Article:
Clinical intervention studies (CIS) play an essential role in investigating the scientific problem, which needs to be addressed in order to form a concise and full knowledge base. There are three main approaches in CIS, which include pre-experimental, quasi-experimental, and true experimental research designs (Holly, 2014). Each methodology possesses unique target points and is done under different circumstances. On the one hand, pre-experimental intervention studies mostly focus on explorative researches, where there is no sufficient knowledge to target a specific set of questions. On the other hand, true experimental CIS aims to give a full and precise explanation of the scientific phenomenon, where various independent variables are altered in order to acquire the results (Holly, 2014). Quasi-experimental research design is a transitionary phase between the given approaches, which is conducted with a goal of describing and depicting the topic of interest. It mostly uses data from pre-experimental studies and narrows the scope of focus by specifying and categorizing the raw information (Campbell et al., 2017). The quasi-experimental design also lacks the randomization factor, because no clear set of independent variables are present to alter.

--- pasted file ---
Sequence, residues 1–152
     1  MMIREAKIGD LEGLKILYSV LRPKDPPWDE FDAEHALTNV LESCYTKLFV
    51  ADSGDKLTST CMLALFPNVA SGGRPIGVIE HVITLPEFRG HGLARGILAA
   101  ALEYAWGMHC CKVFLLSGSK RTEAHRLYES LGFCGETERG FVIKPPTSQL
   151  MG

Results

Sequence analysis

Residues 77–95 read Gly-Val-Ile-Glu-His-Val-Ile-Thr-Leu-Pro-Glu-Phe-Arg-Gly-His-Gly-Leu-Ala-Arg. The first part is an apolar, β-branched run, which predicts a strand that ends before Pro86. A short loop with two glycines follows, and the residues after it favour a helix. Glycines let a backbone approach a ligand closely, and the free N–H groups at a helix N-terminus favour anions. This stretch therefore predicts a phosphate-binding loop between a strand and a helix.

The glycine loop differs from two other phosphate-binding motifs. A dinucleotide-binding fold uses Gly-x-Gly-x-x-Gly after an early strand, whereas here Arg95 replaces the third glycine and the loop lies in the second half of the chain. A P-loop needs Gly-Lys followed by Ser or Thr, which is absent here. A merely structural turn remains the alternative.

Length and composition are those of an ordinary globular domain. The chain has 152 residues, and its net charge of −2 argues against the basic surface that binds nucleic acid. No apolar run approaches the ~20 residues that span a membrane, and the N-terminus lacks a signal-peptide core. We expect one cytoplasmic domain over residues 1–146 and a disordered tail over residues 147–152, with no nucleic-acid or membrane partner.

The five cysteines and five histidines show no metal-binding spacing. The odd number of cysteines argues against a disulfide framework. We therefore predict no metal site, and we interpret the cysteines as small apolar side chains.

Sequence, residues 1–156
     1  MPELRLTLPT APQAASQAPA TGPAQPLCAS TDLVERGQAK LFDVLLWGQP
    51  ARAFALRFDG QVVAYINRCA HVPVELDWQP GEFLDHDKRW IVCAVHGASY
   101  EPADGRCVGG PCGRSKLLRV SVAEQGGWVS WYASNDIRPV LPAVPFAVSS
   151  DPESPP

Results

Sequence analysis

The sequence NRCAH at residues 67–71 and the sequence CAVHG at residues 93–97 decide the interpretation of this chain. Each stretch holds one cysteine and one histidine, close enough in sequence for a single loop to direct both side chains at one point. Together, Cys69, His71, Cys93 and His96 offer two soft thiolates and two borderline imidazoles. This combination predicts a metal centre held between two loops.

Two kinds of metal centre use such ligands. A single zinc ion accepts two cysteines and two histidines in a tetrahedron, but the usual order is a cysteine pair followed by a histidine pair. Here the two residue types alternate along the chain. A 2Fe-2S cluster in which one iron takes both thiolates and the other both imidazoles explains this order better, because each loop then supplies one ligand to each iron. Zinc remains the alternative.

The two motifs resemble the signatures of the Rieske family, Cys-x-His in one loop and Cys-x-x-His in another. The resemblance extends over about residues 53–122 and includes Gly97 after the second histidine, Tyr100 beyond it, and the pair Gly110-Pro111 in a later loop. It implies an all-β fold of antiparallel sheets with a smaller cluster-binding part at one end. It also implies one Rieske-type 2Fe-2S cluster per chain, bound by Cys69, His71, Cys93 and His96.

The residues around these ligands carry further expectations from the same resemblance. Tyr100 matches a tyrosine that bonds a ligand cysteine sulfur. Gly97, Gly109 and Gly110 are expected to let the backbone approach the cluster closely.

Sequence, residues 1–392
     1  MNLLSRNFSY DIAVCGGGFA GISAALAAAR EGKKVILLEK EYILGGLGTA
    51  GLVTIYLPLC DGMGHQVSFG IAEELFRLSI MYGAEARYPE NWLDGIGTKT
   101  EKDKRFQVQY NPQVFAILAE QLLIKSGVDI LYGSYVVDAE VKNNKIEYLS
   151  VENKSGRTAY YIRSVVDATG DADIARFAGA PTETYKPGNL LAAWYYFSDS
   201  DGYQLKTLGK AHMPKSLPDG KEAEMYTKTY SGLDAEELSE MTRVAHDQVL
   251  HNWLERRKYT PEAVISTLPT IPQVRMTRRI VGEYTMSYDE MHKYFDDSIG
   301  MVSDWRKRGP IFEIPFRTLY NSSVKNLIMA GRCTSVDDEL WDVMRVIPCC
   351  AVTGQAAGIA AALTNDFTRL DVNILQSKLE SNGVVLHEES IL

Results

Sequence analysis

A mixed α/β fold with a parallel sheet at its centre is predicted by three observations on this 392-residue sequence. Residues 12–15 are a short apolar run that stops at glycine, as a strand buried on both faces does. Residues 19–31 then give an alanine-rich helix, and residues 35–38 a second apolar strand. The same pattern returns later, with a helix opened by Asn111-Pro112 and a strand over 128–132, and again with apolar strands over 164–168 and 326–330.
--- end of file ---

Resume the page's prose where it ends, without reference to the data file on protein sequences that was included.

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Another key difference between quasi-experimental and true experimental researches is present in the control and target groups of study because the latter does not specifically assign the objects of analysis. It is important to note that randomization acts as a key factor in acquiring the most precise and unbiased results, but the quasi-experimental approach does not possess the given components. It is due to the lack of categorization of data, which enable identify interchangeable variables (Xu et al., 2019). The biggest advantage of pre-experimental methods is its relative inexpensiveness and simplicity, which gives a researcher an opportunity to conduct several studies simultaneous and in time efficient manner (Holly, 2014). All of the CIS designs are steps in the entire research process, where the study elements are explored, described, and explained.
Campbell, B. K., Fillingim, R. B., Lee, S., Brao, R., Price, D. D., & Neubert, J. K. (2017). Effects of high-dose capsaicin on TMD subjects: A randomized clinical study. JDR Clinical & Translational Research, 2(1), 58-65.
Holly, C. (2014). Scholarly inquiry and the DNP capstone. New York, US: Springer Publishing Company.
Xu, J., Huang, L., Yao, Z., Xu, Z., Zalkikar, J., & Tiwari, R. (2019). Statistical methods for clinical study site selection. Therapeutic Innovation & Regulatory Science, 1(1), 2-7.